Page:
Do you take vitamins and supplements?

I’m not a big supplements person. My instincts tell me you’re not supposed to have the equivalent of 1,000 carrots a day in a capsule. I believe we can get all the nutrition we need from food. I’m not vegetarian. I have milk, and I have tofu. My instincts also tell me processed foods are not good for us. I’m not rigid with my eating and just really do believe moderation is the key.

Besides riding horses, what do you do for fitness?

When I had back surgery I took up swimming, and it feels good. A girlfriend and I made a promise to each other to do open-water swimming, and we do. We swim with hundreds of people and have done open-water swims in Turkey and Greece.

Bo Derek with pony and cart

If you enjoy open-water swimming have you done triathlons?

No. I love swimming, but I hate to run and hate to cycle!

You’re an iconic beauty with amazing skin. What does your skin care regimen look like these days?

I have very sun damaged skin, so I’m a big believer in slathering on sunscreen. I haven’t done plastic surgery, but I do see my dermatologist regularly to get the light treatments and things burnt off all the time. I love La Roche-Posay Anthelios Ultra Light Sunscreen Fluid SPF 60 and sometimes mix a little foundation with it. I use Biotherm Anti-Drying Body Milk, and also because my skin is desert parched and like a sponge, I use Shu Uemura Maxi: Hydrability Moisture Intensive Essence-In Cream. My skin also loves hyaluronic acid. I can’t take credit for my bone structure — that’s from my parents. And I just feel I was born for these times with a body shape and a metabolism that’s popular right now. Ultimately the script was always “if you do this, you’ll look like me.” I’m happy sharing what works for me, but I’ve never felt comfortable promising a miracle in a jar of something. It depends on your skin type and your chemistry.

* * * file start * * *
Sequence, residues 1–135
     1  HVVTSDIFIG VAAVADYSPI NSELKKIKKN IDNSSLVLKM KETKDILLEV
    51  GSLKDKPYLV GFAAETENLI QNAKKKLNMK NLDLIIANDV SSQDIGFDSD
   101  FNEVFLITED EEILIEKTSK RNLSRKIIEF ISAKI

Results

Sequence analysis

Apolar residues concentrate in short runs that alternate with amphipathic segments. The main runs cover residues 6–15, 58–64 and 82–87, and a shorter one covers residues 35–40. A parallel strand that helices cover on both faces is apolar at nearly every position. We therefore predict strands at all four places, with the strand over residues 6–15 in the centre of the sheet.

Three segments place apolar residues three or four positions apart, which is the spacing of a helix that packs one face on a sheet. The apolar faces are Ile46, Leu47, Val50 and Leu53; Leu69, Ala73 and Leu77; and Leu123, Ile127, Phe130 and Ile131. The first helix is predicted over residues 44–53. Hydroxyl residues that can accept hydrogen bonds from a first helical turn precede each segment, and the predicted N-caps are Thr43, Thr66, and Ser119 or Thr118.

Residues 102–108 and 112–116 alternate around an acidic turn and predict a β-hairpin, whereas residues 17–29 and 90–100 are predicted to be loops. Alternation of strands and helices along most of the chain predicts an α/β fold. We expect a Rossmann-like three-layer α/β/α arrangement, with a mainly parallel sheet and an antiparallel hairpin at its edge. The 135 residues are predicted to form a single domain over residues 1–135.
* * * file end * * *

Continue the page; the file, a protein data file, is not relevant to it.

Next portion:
No plastic surgery at all? Do you ever look at friends who’ve done it and want to say, “What have you done?! Why did you do that?!”

Plastic surgery is so personal. I’m fine with others doing it but find a great dignity in naturally keeping the wolves from the door. When you observe what makes people look better in still photos is brutal in motion. If it works for them, that’s OK. But in motion, having a conversation, I think that all of our natural animation and motion that comes with aging is preferable. When I go out, I’m sure some people think, Why doesn’t she do something?! You can’t have it all, and surgery can only do so much. You can’t beat time and aging. I live out in the country, and I just cringe when I see myself on the red carpet. But we pose in the mirror and give ourselves our best shot. Thank God our brain and our self-confidence gets better as our face and body goes. We have that brain and that happiness, and that’s what’s beautiful.

Read more interviews with women who inspire.

Photos: Kerry Perez